Previous studies have revealed the cancer-promoting role of circ-ABCB10 in clear cell renal cell carcinoma and breast cancer [14, 15]. Nevertheless, the critical role of it in lung cancer and its association with cisplatin resistance of lung cancer are kept to be explored. To begin with, we conducted RT-qPCR analysis and observed an abnormally high expression of circ-ABCB10 in lung cancer cell lines (H125, H1299, NCI-H292 and A549) compared with that in normal human bronchus epithelium cells (HBE) (Fig. 1a). Then, data from nucleic acid gel electrophoresis analysis revealed that divergent primers could produce the circular isoform of ABCB10 in complementary DNA (cDNA) but not genomic DNA (gDNA), whereas convergent primers were able to amplify the linear isoform of ABCB10 from both cDNA and gDNA in A549 and NCI-H292 cells (Fig. 1b). Under the treatment of ActD, the mRNA synthesis inhibitor, RT-qPCR results presented that ABCB10 mRNA degraded whereas circ-ABCB10 was stable within 12 h in A549 and NCI-H292 cells (Fig. 1c). Additionally, after treatment with Rnase R in A549 and NCI-H292 cells, ABCB10 expression was observably lowered whereas no obvious change of circ-ABCB10 expression could be observed (Fig. 1d). Subsequently, we aimed to explore whether dysregulation of circ-ABCB10 was implicated in the sensitivity of lung cancer cells to cisplatin. As illustrated in Fig. 1e, in comparison with that in control cells, the expression of circ-ABCB10 was significantly declined in cisplatin-treated cells rather than other drugs including 5-FU, Sorafenib, and Sunitinib, indicating that circ-ABCB10 was related to cellular response to cisplatin in lung cancer. To uncover the effect of circ-ABCB10 on cellular sensitivity to cisplatin and lung cancer progression in vitro, we knocked down circ-ABCB10 in NCI-H292 and A549 cells. RT-qPCR depicted a better satisfactory efficiency of circ-ABCB10 knockdown in A549 and NCI-H292 cells by transfection with sh-circ-ABCB10#1 (Fig. 1f). Next, CCK-8 and colony formation assays depicted that compared with that sh-circ-ABCB10#1 strikingly weakened the proliferation ability of lung cancer cells compared with sh-NC group. Cisplatin treatment abrogated lung cancer cell proliferation, and such effect was further enhanced by sh-circ-ABCB10#1 in A549 and NCI-H292 cells were treated with cisplatin (Fig. 1g-h). Moreover, TUNEL assay testified that cell apoptosis capability in sh-circ-ABCB10#1 group was significantly increased when compared with sh-NC group. The treatment of cisplatin increased apoptosis ratio, such increase was further enhanced in sh-circ-ABCB10#1 + cisplatin group (Fig. 1i). Furthermore, transwell assay demonstrated that the migration ability was weakened in lung cancer cells transfected with sh-circ-ABCB10#1 compared with sh-NC control. Cisplatin treatment also decreased migrated cells, and sh-circ-ABCB10#1 could strengthen the effect of cisplatin (Fig. 1j). In sum, circ-ABCB10 is expressed at high levels and featured with circular structure in lung cancer; circ-ABCB10 deletion represses lung cancer progression whereas sensitizes lung cancer cells to cisplatin.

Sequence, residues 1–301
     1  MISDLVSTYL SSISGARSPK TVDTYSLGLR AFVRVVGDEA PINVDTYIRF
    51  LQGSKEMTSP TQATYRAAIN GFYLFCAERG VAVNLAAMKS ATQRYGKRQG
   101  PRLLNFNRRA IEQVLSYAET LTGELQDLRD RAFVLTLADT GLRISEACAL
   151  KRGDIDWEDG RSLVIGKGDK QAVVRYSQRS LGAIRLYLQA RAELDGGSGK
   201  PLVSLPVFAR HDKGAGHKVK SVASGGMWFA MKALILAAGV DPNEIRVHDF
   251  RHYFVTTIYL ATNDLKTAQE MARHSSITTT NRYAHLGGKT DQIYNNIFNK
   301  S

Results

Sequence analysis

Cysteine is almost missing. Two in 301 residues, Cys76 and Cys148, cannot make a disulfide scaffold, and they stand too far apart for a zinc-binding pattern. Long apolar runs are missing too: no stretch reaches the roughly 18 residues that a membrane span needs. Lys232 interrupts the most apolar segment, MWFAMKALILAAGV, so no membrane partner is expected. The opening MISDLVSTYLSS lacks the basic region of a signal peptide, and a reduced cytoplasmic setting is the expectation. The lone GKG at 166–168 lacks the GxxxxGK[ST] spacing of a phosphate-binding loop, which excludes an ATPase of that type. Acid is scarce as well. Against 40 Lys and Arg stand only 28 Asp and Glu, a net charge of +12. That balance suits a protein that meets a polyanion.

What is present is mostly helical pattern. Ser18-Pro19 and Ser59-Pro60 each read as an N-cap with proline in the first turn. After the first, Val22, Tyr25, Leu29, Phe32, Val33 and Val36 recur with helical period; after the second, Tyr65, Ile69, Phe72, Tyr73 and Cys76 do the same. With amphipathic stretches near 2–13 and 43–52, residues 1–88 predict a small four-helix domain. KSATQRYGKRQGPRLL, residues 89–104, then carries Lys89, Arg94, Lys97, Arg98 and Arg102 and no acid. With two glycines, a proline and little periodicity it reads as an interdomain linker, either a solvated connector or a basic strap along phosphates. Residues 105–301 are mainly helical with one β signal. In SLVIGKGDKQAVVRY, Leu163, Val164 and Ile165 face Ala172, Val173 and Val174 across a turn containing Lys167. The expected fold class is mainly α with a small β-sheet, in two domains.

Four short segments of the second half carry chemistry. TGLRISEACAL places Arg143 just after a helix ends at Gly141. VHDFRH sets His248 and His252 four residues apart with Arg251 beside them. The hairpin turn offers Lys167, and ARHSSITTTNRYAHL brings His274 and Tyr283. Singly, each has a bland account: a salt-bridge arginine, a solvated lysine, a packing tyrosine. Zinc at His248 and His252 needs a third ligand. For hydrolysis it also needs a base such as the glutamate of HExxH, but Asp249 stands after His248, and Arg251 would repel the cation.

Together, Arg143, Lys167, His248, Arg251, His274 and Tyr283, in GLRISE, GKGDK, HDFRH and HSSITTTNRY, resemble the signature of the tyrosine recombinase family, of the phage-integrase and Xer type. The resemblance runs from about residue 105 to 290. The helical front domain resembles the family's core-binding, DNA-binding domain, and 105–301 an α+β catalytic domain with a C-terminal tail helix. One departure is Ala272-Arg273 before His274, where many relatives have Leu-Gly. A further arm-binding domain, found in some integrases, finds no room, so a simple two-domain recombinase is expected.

Fig. 1
figure1

Circular RNA circ-ABCB10 is highly expressed and downregulation of it represses lung cancer progression and improves the sensitivity of lung cancer cells to cisplatin. a The expression of circ-ABCB10 in lung cells (H125, H1299, NCI-H292 and A549) and normal human bronchus epithelium cells (HBE) was detected via RT-qPCR. b Nucleic acid gel electrophoresis analysis revealed that divergent primers could produce the circular isoform of ABCB10 with cDNA but not with gDNA. GAPDH was used as a negative control. c The stability of circ-ABCB10 and ABCB10 mRNA was detected by RT-qPCR in A549 and NCI-H292 cells after treatment of ActD. d RT-qPCR assay was conducted to determine the abundance of circ-ABCB10 and linear ABCB10 mRNA in A549 and NCI-H292 cells treated with Rnase R (normalized to mock treatment). e The expression of circ-ABCB10 in A549 and NCI-H292 cells treated with different chemotherapy agents was determined via RT-qPCR analysis. f The efficiency of circ-ABCB10 knockdown in A549 and NCI-H292 cells was detected by RT-qPCR. g-h After treatment with or without cisplatin, the proliferation ability of transfected cells was measured by CCK-8 and colony formation assays. i TUNEL analysis of cell apoptosis ability in transfected cells with or without cisplatin treatment. j Transwell analysis of cell migration capability in transfected cells with or without cisplatin treatment. *P < 0.05, **P < 0.01